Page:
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National Leader of the Month for November 2007

C William Pollard

C. William Pollard

LeaderNetwork.org has provided two mediums for you to experience the leadership insights of National Leader of the Month William Pollard: read them below and listen to excerpts from a conversation on leadership between Brian McCormick and William Pollard. To listen to the podcast, copy and paste the following RSS link into your preferred podcast software: http://www.leadernetwork.org/leadership_podcast.rss. In order to begin playing the audio in a separate window, click here William Pollard audio.

Honoring Bill Pollard

Bill Pollard is an exceptional leader: during his two stints as CEO of ServiceMaster, a multibillion dollar company, the firm achieved remarkable results; he has led students in the classroom at Wheaton College; he has written two successful books; he has used his influence to aid those in need; he has been happily married for over 48 years; and he has integrated his faith with his work and maintained a standard of integrity as he has sought to be a servant leader. For that leadership, he is the National Leader of the Month for November 2007.

Bill Pollard's Story

At the beginning of his best-selling book The Soul of the Firm, Bill Pollard poses these two questions: who are you and what do you want? Our answers to those two questions tell us much about ourselves. Driving at Bill Pollard's personal answer to those questions, I asked him to share his story, an anecdote that represents what his leadership is all about. Here is his response.

“It was a lesson of leadership that I learned as I joined ServiceMaster. During my first eight weeks at the Company, I spent my days out doing the work that our service workers did and my evenings doing my job as senior vice president. I learned many lessons as I worked in the field and gained an understanding about the emotions and the needs of the people who did our service work; how the design of a job and the training of a person could be a motivating factor in their development and in their realizing their own dignity and worth as they did their work. I learned how people should be cared for by the firm and treated as the subject of work, not just the object of work. I learned some very practical lessons of servant leadership as I mopped floors and cleaned toilets.”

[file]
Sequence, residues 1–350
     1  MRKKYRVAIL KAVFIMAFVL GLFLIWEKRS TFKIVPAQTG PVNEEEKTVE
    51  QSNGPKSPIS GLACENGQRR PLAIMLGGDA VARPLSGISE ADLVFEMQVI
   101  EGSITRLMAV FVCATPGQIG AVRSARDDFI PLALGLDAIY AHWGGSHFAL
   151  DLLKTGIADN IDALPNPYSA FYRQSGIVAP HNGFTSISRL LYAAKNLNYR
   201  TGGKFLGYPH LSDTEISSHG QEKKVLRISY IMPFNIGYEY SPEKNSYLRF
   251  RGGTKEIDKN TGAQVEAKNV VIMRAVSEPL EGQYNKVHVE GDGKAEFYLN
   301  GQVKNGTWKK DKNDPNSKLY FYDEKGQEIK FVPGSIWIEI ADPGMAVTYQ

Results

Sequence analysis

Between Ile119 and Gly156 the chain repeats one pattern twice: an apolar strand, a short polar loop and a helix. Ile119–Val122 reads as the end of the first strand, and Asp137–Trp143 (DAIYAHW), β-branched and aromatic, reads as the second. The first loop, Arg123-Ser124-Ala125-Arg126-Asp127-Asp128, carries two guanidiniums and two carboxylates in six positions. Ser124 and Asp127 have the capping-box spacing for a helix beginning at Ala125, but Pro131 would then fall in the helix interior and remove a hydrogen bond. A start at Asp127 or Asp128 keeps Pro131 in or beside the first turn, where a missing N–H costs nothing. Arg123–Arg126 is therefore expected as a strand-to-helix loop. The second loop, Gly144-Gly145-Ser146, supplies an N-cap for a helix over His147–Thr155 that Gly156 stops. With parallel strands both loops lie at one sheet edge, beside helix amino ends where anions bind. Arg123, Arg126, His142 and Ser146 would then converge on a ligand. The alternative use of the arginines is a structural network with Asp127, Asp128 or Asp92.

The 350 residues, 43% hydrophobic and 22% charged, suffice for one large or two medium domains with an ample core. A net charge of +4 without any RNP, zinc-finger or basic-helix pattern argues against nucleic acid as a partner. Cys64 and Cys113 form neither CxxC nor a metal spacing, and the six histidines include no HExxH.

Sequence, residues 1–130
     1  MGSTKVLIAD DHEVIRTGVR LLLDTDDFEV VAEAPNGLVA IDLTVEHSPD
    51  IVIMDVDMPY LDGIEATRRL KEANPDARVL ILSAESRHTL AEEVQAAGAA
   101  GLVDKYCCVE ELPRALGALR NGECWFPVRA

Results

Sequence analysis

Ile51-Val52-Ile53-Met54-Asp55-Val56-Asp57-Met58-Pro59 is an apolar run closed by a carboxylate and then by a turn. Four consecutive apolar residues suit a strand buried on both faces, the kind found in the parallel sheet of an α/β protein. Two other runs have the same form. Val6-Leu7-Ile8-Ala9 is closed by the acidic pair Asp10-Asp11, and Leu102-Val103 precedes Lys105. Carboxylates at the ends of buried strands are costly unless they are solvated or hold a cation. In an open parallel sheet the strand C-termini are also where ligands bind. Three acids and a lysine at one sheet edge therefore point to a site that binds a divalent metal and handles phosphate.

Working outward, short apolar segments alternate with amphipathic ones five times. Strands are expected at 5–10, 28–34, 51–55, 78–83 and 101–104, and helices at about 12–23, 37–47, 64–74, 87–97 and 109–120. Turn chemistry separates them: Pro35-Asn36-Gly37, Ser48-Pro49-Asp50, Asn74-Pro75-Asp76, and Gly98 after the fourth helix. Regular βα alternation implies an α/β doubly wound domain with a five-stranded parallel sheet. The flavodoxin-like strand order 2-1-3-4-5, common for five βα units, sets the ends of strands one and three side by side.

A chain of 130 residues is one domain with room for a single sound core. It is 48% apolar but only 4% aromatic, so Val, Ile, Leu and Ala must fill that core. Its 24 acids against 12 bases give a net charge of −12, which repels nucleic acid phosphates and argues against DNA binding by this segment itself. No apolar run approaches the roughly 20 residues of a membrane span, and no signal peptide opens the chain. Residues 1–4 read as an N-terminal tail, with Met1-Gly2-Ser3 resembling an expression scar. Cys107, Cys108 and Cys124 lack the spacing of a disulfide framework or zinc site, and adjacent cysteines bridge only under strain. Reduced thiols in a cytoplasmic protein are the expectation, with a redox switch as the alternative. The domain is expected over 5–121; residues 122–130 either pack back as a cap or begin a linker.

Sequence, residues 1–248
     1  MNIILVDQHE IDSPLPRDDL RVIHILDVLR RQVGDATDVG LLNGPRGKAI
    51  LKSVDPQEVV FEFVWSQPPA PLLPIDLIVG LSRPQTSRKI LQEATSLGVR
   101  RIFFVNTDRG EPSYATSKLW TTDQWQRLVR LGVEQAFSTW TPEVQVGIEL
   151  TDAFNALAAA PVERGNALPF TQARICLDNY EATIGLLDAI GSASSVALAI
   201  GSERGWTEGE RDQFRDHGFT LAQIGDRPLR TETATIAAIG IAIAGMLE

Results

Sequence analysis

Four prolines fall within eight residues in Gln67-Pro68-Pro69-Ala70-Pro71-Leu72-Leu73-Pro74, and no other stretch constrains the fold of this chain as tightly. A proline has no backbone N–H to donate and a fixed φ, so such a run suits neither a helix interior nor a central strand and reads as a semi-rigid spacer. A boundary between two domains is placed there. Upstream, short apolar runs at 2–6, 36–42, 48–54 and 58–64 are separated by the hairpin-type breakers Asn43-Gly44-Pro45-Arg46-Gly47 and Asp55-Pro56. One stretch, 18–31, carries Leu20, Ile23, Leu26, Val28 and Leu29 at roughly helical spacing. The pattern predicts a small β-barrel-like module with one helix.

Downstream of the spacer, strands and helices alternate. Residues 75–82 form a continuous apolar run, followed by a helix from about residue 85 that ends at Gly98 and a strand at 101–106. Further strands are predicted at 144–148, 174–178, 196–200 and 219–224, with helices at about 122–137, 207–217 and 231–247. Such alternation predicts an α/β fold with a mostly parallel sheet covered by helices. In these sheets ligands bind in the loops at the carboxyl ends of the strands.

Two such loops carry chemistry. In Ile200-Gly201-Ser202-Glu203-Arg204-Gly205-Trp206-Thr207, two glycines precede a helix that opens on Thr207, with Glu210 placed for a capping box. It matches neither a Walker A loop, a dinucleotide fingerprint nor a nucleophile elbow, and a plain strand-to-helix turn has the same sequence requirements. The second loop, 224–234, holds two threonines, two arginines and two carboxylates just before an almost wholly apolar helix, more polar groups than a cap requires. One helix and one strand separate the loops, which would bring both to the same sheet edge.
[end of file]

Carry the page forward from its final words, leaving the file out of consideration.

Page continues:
About Bill Pollard

Chairman Emeritus and former CEO of ServiceMaster and Author

Place he calls home: Wheaton, Illinois, USA

Family: married to Judy; four children and twelve grandchildren

Book you try to read most: the Bible

Current personal passion: I just came back from Africa where I spent three weeks with several of my children and six of my grandchildren working with various projects that our family supports in the areas of micro finance and refugee work. I have a passion and empathy for people who find themselves in circumstances a lot less fortunate than I have had in my life. I have a desire to help and give in both what I have learned about management and leadership and also in financial resources that I can contribute to these needy areas. Do you think enough is being done by those of us living in America to help to address some of the problems in Africa? A lot is being done. In my judgment, more is being done by Americans than any other single group in the world. I believe this is a great tribute to the spirit of America. On the other hand, what is being done is a drop in the bucket as to what needs to be done. What needs to be done must involve the governments of African countries as much as the governments or people outside of Africa. Corruption is rampant in certain parts of Africa and corruption limits what can be done on a macro basis. You cannot do things on a macro basis to solve issues of poverty, healthcare, or infrastructure without an honest governmental structure.

What were some of the significant turning points in your life? My commitment of faith as a young boy; the death of my father when I was 18; my marriage to Judy when we were both 21; a serious illness when I was 33, which resulted in my leaving the practice of law and becoming an administrator and professor at Wheaton College; and then my decision to join ServiceMaster five years later. You bring up your experience working in a college as compared to your experience leading at ServiceMaster. Could you talk a little bit about the difference in terms of your daily experience doing the one versus the other? Are there any distinctions that you can draw between the two…? They were two different environments. Each situation had its own opportunities, challenges, and difficulties. In an academic environment, there is a greater requirement for general consensus before decisions are made. In a business environment, typically decisions are made more efficiently and often more effectively. I enjoyed working in both environments.